1. ALWAYS zip, snap or button your purse! Don’t leave it hanging open so everyone can see what’s inside. It leaves you vulnerable to a pick pocket.
  2. NEVER leave your purse unattended! Thieves only need a few seconds! If you can’t see it, then you can’t see the person who might be rummaging through it or trying to steal it.
  3. At the grocery store: Secure your purse with the baby strap, or place it at the bottom of the cart placing groceries over and around it. Don’t make it easy for a snatch and grab! If you aren’t comfortable leaving it in the cart, keep it on your shoulder.
  4. When loading your car: Open the passenger door, place your purse on the floor take the keys and lock the door before you continue.
  5. Staying at a hotel? Use the safe if they have one or take it with you. Never leave it in the room unattended.
  6. If you like to keep your purse on the seat next to you in the car, then hook it through the seatbelt. It creates an extra step for someone trying to reach in the window and steal it and it will keep it secure if you need to stop in a hurry.
  7. Avoid hanging your purse on the back of the restroom stall doors. It’s too easy for someone to reach over and snatch it while your “occupied.”
  8. Minimize what you carry in your purse. Don’t carry your birth certificate, you marriage license, grandma’s favorite cookie recipe and so on!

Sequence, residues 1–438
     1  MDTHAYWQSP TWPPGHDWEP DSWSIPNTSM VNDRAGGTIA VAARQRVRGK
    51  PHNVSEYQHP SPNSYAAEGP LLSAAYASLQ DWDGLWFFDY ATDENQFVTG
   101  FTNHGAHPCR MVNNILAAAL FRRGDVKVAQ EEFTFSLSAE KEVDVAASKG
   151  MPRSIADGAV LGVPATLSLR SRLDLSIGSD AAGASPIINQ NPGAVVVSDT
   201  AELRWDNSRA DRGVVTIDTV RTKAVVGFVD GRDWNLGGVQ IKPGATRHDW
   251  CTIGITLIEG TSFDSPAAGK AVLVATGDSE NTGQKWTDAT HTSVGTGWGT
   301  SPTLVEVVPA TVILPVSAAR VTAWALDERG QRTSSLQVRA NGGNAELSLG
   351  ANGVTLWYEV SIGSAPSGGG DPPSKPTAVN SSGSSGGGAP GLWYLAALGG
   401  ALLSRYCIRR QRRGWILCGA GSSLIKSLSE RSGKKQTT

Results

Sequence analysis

The eight tips above were all good prevention habits when it comes to purse safety. The last tip is the most important!  If you find yourself the victim of a purse snatching, LET IT GO! You heard me; there’s nothing in there that is worth your life. Women have been beaten, dragged behind cars, and killed for their purse. Your instincts will be to fight, because you don’t want to be a victim; but I am still going to tell you to LET IT GO!

More safety tips can be found on our Simple Self Defense for Women® DVD and web site www.simpleselfdefenseforwomen.com

Women and Cars: 6 Must-Know Personal Safety Tips

Remote on Visor

My husband always says I remind him of a scene from the movie “My Cousin Vinny.”  Marisa Tomei says her “uncle is a mechanic, her brother is a mechanic”; and, for me in addition to that, my father and grandfather were also a mechanics that owned a Gulf station back in the day.  So, I am familiar with good automotive maintenance habits and the personal safety aspect that goes along with them.  When you read these, you are going to think “I knew that.”  But are you doing these?

  1. Do you have a handheld garage door opener on your sun visor?  Remove it, before you leave your car with a mechanic.
  2. Don’t leave your whole key ring, when you drop off your car.  Only leave the ignition key and fob.  (Remember to take your pepper spray off your key ring.)
  3. Never program your home address, in your GPS system.  Instead, use an address of a nearby shopping center.  If you have a portable GPS, remove it from your car before leaving it.
  4. Always remove mail, paperwork and personal belongings, before dropping your car off for service.
  5. Check the air in your spare tire, regularly.  Having a flat tire is troublesome enough; you don’t want to put yourself in a potentially dangerous situation, by not having a useful spare.
  6. Keep a flashlight in your car that is easily accessible, in case of emergency.

 

The safety tips in this article and many others can be found on our Simple Self Defense for Women® DVD. Please visit our website www.simpleselfdefenseforwomen.com for more details.

Tracy Vega, Co-Founder- Simple Self Defense for Women